December 3, 2020

The Editor Speaks: The environment might now be seen as a priority

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Colin WilsonwebWith Cayman’s policy towards the environment being woeful, neglectful, and abysmal over the past fifteen years, with even ‘wannabee’ politicians having campaigned last May they are 100% environmentalists – but not now, I could see no change in any governments policy to protect it.

It did not feature high on any agenda, if at all.

Even in the Progressive’s election manifesto it was way down on the list of things they would put in place, if elected.

However, we do have a Minister for the Environment who is actually for the environment. And that is a major change.

The Hon. Wayne Panton has promised he will steer the new environment legislation through before Old Father Time scythes his way to the end of 2013.

I was also pleasantly surprised to hear our new governor, Helen Kilpatrick, say in her acceptance speech she is committed to the management of the islands’ natural resources.

She said on her visit to the Cayman Islands last July she had found the “beauty of the islands was eclipsed only by the warmth of the welcome I received from those Caymanians and others I had the pleasure to meet.”

“Whilst the elected Government is responsible for the protection and conservation of the islands’ natural assets,” she said, “I am committed to working with the Government and civil society to ensure that these assets are managed and protected in a manner that benefits their incredible value.”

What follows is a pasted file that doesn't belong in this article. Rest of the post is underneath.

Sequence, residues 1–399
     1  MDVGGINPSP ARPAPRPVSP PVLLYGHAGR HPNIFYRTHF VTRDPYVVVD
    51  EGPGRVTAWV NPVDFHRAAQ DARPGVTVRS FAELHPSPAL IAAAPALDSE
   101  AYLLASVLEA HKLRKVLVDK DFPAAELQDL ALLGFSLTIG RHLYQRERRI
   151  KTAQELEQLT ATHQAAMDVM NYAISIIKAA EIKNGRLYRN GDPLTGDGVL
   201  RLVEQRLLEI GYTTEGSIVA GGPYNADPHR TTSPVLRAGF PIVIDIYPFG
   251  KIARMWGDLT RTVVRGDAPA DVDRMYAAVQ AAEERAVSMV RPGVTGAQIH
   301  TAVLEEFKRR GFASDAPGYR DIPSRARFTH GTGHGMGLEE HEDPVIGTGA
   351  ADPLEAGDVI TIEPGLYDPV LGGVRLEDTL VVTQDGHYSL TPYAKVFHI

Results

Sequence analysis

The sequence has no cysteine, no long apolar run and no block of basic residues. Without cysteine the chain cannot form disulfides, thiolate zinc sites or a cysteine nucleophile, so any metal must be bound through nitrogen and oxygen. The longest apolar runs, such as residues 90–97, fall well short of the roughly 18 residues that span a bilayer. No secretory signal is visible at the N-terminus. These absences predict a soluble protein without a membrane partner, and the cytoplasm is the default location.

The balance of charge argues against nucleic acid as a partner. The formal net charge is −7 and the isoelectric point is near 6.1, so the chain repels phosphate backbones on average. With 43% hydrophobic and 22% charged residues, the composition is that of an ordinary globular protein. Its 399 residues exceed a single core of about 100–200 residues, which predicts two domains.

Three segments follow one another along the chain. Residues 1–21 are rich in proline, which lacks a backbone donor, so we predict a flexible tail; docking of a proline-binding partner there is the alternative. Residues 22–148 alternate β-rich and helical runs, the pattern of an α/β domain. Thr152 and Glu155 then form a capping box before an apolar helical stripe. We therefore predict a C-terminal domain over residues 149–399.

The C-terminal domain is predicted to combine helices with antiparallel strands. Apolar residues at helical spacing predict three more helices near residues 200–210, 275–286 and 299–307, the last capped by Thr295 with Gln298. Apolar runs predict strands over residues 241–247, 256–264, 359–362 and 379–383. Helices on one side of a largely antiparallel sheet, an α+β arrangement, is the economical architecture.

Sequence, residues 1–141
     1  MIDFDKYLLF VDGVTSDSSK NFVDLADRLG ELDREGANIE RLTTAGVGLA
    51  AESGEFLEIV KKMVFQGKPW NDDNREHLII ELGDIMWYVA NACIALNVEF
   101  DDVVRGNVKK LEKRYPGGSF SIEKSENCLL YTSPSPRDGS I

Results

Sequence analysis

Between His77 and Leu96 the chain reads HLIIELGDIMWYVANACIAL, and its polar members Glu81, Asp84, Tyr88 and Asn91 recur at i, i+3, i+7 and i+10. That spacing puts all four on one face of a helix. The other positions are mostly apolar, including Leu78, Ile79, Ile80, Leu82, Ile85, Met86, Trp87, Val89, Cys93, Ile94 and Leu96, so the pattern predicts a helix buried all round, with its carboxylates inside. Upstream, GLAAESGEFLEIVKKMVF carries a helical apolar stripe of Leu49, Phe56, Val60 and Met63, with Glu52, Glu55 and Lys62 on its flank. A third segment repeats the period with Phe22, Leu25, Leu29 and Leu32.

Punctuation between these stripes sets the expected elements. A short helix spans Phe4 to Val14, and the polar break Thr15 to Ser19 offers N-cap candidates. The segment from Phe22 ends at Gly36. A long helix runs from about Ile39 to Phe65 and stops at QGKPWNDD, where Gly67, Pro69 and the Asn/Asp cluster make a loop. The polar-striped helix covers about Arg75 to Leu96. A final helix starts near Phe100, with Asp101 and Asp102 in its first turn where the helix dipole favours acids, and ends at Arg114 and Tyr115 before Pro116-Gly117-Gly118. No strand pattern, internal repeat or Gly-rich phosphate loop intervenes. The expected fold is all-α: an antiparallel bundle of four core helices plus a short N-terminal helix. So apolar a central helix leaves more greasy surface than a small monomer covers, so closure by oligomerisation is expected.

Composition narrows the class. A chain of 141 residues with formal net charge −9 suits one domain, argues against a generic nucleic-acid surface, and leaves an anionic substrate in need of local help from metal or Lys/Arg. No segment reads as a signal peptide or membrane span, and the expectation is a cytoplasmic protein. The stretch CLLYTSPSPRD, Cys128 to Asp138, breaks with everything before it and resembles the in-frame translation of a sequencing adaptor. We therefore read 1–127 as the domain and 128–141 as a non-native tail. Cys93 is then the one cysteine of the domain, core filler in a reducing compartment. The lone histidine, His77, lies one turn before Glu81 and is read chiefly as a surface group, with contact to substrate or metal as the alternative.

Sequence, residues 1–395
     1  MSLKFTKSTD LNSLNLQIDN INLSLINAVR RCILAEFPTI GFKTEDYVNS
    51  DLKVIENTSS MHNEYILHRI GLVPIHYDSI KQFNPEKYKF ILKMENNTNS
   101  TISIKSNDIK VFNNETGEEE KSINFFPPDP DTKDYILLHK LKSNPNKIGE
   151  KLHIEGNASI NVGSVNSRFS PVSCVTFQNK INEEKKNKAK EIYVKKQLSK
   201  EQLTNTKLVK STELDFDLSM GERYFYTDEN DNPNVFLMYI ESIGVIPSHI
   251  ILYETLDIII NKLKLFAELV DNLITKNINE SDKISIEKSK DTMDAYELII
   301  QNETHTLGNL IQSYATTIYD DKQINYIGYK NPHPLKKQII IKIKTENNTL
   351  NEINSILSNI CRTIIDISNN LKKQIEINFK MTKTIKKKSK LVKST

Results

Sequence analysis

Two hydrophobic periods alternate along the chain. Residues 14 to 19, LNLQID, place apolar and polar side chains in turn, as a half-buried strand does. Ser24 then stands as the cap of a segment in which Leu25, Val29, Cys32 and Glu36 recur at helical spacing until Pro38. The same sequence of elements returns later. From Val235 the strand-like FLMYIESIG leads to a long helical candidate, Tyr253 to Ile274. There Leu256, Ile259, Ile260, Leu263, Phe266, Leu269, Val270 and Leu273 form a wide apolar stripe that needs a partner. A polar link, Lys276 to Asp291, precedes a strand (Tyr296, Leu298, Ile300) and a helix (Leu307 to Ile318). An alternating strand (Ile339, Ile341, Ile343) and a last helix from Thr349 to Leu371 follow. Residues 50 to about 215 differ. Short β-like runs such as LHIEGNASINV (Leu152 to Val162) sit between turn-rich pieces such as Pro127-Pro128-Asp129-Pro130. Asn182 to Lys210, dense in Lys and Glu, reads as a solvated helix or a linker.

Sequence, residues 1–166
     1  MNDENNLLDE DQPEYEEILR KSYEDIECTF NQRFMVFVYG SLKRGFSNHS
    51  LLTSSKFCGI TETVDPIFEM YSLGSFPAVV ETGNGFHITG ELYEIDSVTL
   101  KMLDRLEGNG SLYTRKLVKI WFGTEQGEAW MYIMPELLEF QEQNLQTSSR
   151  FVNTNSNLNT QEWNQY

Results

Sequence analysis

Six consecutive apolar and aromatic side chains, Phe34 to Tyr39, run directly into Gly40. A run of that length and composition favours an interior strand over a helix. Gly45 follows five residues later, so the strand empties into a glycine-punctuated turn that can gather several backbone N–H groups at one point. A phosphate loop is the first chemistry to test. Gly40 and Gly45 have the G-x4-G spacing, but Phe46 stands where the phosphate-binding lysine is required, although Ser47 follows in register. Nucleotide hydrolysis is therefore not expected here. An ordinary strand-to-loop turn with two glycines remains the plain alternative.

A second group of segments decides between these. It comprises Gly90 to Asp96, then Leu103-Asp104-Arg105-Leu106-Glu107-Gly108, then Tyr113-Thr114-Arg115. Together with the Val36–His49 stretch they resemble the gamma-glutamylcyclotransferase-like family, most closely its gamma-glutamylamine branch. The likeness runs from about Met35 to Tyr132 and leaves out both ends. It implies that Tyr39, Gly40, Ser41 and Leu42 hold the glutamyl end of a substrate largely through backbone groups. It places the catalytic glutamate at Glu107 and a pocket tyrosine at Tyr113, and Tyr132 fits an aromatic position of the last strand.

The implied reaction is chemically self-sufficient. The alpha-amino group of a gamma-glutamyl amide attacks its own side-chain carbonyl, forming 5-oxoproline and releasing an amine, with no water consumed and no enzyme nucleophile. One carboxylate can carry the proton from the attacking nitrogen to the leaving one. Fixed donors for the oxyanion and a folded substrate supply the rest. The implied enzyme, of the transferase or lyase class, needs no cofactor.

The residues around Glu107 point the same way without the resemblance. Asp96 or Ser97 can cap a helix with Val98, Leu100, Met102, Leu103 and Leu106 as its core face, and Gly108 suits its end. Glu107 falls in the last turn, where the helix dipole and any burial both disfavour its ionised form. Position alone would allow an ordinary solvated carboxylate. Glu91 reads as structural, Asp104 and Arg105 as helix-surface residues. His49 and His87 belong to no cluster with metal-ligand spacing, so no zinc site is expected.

I am sure Gina Ebanks-Petrie, Director of the Department of Environment, must be encouraged.

She has continually warned Cayman cannot continue to develop without giving the same consideration to environmental issues as it does socio and economic ones. She said to continue to allow major projects to begin without carrying out environmental impact assessments would be disastrous for our islands.

The ecological clock has been ticking down for some time on many of the islands unique species that without proper protection are in serious danger of disappearing, she added.

Panton was a leading member of the National Trust for many years and knows full well the problems coastal development has done to our precious commodity and number one tourist attraction – THE SEA.

At last we seem to have two persons in authority who really can see.

 

 

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